Saturday, May 1, 2010
Condoleeza Rice and Renewed Faith in the Future of America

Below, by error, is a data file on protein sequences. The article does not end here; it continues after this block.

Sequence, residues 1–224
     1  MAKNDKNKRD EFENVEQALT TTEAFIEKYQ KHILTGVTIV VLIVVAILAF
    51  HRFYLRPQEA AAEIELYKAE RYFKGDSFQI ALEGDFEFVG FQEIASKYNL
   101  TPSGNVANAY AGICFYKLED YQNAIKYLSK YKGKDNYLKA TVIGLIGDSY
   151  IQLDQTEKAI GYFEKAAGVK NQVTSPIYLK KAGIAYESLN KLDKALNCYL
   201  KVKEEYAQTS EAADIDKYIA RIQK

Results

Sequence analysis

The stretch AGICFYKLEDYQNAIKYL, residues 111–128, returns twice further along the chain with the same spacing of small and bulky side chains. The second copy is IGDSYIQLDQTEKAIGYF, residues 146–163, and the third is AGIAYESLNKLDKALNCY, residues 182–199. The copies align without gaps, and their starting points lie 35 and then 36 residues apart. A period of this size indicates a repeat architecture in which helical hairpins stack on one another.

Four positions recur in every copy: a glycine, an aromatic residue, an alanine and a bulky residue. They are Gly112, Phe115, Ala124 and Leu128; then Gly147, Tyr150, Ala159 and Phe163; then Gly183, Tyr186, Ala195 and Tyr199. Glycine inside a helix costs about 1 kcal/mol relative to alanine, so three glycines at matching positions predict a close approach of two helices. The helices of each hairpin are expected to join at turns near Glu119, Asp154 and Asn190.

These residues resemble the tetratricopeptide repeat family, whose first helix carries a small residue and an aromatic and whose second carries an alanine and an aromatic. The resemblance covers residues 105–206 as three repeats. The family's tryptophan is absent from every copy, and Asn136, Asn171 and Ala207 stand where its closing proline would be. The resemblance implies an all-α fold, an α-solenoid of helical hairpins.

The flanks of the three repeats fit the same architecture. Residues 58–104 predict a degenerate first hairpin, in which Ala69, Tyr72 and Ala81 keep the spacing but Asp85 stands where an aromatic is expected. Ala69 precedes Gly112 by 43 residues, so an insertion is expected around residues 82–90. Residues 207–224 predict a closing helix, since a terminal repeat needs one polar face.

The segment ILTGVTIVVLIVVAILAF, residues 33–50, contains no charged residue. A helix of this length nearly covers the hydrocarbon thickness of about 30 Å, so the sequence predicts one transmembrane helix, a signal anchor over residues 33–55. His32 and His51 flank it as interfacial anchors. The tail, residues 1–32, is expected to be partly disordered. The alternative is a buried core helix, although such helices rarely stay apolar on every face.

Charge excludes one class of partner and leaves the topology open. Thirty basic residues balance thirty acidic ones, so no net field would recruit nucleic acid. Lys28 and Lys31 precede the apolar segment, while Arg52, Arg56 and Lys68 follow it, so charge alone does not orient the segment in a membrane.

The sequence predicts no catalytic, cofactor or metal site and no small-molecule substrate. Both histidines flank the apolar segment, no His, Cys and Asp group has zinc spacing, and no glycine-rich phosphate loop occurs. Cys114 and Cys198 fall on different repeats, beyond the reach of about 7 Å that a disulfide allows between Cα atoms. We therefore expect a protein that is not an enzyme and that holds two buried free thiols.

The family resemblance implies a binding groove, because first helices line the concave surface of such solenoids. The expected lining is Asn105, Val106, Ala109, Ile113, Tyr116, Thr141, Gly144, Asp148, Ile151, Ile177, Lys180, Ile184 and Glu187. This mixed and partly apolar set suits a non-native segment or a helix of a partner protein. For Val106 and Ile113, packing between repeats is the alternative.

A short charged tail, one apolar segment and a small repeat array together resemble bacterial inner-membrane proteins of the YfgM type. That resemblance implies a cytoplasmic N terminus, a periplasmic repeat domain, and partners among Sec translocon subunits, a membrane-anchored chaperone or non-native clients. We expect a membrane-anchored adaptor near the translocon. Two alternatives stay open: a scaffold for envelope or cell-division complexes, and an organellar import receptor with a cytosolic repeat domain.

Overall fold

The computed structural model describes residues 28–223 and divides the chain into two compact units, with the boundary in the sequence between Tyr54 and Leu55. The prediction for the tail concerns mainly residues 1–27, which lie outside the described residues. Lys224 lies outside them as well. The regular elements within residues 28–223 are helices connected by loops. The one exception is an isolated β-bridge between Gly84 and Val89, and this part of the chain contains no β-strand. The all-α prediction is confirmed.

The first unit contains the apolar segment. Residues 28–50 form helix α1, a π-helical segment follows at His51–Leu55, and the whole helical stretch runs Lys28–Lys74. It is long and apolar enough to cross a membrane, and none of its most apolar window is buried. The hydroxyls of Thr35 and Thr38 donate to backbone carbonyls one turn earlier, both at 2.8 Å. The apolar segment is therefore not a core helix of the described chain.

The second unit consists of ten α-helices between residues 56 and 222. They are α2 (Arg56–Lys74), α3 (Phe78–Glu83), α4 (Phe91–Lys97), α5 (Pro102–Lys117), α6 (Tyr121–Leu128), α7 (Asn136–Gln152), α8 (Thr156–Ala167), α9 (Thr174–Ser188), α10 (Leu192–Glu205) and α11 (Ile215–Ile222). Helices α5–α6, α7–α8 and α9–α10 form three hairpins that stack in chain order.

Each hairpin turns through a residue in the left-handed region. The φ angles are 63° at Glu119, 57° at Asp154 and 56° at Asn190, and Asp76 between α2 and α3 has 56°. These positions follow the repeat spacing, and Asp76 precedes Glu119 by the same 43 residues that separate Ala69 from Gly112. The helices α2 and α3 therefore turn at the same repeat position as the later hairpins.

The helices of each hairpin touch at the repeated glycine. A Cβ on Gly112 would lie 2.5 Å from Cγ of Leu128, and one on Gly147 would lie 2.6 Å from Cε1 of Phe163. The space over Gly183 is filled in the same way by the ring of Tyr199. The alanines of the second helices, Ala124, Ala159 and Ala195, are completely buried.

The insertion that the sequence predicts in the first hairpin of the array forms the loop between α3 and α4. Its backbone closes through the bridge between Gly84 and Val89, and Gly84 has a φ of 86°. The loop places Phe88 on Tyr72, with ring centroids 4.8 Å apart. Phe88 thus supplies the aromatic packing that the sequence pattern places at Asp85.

Last night I attended the Southern California Chapter's Association of Corporate Counsel Association's Annual Event. I'll be honest, I did not expect to be "wowed" by the keynote speaker, Condoleeza Rice after hearing Bill Clinton speak at last year's event. But wowed I was. Rice is articulate, insightful, charming, honest and, in ways I never appreciated as she worked under President Bush, a brilliant thinker. She restored my faith in America, which my readers know was a bit shaken after last week's visit to Alberta. She reminded us that America was founded upon the "myth of the log cabin" and that she was proof that "it doesn't matter where you come from, it matters where you're going". She gave a few good lessons in leadership, my favorite of which was: "I'd rather be naive than cynical, because cynical people can't lead." She reminded us that this country was built by and enhanced by holding promise that the best and the brightest from all over the world could rise to their full potential here. She sees the wisdom and value in education for our children that includes a central place for the arts and despairs that the new global economic leader, if the historic American capitalism loses it's edge, will be replaced by the worst of America if we don't begin to address critical issues including immigration (which she seems to support in accord with the old plan developed by McCain and Kennedy under Bush), education and poverty. She set the audience on edge with respect to the threat by nations that are politically unstable, such as Iran and now Mexico, where the titular authority is unable to control a militant minority and where the government itself is subject to mis-dealings in ways that enhance rather than protect against the instability. As a former student of International Relations, I found her talk fascinating. I haven't yet found the thread which binds this to the work of a mediator--but I'm pretty sure it's there--perhaps sewn into the lining or between those logs, holding us all together.